One night Pharaoh dreams two dreams which no one in his court can interpret. The cupbearer remembers Joseph and brings him to Pharaoh. Joseph tells Pharaoh that both dreams relay the same message. There will be seven years of plenty and seven years of famine. Joseph does not stop there. He offers Pharaoh a plan for how to avoid disaster during the years of famine. Pharaoh is impressed by Joseph and appoints him head of food collection and distribution.
During the years of famine Jacob sends his sons, except for Benjamin, down to Egypt to buy grain. The brothers appear before Joseph and he recognizes them. Hiding his identity, Joseph accuses the brothers of being spies and decides to test them. Joseph challenges the brothers to return with their youngest brother Benjamin.
The brothers return with Benjamin, and Joseph continues his test. After filling their order of grain, Joseph has his goblet placed in Benjamin’s bag. Joseph then sends his men after his brothers and accuses them of theft. When the goblet is found in Benjamin’s bag, Joseph declares that Benjamin must remain in Egypt as his slave, and that the other brothers are free to go.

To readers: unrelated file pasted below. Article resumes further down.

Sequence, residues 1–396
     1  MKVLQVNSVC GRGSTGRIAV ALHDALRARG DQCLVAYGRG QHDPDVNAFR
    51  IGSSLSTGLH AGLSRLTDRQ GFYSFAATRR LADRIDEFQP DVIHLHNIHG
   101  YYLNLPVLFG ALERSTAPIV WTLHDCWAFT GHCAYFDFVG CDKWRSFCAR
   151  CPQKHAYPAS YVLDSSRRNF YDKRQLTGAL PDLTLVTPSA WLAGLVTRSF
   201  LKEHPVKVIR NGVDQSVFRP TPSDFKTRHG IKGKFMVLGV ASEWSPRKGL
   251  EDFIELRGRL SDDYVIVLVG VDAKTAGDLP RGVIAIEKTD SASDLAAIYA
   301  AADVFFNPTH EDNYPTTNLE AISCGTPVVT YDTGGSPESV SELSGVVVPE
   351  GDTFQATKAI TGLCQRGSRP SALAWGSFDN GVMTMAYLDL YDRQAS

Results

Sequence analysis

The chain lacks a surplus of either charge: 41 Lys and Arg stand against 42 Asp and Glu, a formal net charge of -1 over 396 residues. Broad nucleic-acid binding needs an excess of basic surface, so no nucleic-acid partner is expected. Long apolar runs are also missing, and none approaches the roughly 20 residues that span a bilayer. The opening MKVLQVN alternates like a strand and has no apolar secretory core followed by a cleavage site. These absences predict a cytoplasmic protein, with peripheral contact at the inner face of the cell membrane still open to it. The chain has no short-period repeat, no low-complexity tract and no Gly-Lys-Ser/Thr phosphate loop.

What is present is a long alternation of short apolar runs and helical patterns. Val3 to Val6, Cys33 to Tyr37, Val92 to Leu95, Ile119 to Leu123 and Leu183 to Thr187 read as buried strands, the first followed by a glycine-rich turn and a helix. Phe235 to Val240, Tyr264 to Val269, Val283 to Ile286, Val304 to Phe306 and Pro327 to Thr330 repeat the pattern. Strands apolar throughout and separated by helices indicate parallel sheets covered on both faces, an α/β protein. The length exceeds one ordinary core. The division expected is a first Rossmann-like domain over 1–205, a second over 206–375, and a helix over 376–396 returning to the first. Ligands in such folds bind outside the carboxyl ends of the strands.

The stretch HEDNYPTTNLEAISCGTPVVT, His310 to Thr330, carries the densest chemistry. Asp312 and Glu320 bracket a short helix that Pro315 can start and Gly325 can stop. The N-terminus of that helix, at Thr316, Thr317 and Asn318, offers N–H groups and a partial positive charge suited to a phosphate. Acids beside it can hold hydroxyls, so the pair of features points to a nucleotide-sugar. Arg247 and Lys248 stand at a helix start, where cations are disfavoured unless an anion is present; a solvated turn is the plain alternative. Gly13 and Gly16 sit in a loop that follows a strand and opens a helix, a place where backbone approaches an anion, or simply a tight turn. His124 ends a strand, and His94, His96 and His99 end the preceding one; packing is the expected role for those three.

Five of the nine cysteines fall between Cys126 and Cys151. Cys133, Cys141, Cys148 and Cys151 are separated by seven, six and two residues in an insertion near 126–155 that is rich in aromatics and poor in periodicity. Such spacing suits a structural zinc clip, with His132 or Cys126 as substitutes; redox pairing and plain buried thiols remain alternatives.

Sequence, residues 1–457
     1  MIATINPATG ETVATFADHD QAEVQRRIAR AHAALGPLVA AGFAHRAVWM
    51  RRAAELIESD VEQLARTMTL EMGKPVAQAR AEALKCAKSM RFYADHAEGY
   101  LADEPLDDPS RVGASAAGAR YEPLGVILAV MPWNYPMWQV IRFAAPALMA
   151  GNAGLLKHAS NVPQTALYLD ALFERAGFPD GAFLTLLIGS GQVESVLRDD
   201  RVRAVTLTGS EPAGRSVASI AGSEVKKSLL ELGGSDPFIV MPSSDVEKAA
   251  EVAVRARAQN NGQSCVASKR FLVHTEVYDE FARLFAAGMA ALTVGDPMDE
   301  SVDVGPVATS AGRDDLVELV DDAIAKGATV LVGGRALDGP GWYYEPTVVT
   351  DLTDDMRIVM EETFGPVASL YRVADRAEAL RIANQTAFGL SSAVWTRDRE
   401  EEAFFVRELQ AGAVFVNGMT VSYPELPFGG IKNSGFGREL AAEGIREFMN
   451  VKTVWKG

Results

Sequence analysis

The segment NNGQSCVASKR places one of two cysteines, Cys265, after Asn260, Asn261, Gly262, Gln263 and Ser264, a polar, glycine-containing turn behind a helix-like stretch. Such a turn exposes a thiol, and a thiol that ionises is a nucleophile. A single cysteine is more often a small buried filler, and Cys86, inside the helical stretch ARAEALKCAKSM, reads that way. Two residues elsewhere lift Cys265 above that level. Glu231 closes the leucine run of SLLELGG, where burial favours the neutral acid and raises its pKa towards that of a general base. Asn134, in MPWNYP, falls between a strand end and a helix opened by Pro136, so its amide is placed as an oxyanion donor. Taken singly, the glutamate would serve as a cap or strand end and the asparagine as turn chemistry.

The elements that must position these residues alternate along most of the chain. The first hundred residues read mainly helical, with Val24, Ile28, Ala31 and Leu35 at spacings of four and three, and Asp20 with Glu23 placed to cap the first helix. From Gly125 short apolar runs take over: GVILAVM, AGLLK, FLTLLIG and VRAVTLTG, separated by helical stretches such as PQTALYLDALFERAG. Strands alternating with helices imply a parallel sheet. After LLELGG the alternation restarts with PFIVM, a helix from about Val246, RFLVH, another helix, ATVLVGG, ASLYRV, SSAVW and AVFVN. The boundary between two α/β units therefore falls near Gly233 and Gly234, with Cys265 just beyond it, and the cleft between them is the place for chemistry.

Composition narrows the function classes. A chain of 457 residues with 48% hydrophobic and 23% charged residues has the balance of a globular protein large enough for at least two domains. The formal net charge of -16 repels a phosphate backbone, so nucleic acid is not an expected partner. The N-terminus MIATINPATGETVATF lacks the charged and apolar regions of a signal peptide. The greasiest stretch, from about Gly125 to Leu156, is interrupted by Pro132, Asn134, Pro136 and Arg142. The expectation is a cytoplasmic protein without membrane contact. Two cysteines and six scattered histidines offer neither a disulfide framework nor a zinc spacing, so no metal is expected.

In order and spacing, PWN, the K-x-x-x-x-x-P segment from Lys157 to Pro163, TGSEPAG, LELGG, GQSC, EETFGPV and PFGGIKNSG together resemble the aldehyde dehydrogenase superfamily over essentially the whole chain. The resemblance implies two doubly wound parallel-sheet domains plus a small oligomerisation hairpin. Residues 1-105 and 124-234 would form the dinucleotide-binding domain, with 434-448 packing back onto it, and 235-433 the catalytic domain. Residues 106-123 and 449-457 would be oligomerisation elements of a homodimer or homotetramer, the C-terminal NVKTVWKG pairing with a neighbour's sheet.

How could Pharaoh have trusted Joseph to such a degree that he appointed him to be the main administrator of the plans to save Egypt from the shortages of the forthcoming famine? True, Joseph was understanding and wise, but how could Pharaoh trust someone who was just released from prison and was previously a slave?
Rabbi Chayim Shmuelevitz, replied that Pharaoh saw Joseph’s extreme honesty in something he said before he related the interpretation of the dream. Joseph began by saying to Pharaoh that he had no power to interpret dreams on his own. It was entirely a gift from God. Joseph did not want to take credit, even for a moment. This total honesty in one minor point showed that Joseph could be completely trusted. It is incredible to think about how many times “little” things go a long way toward establishing our credibility and have a big impact or make an impression on who we are and how we are perceived.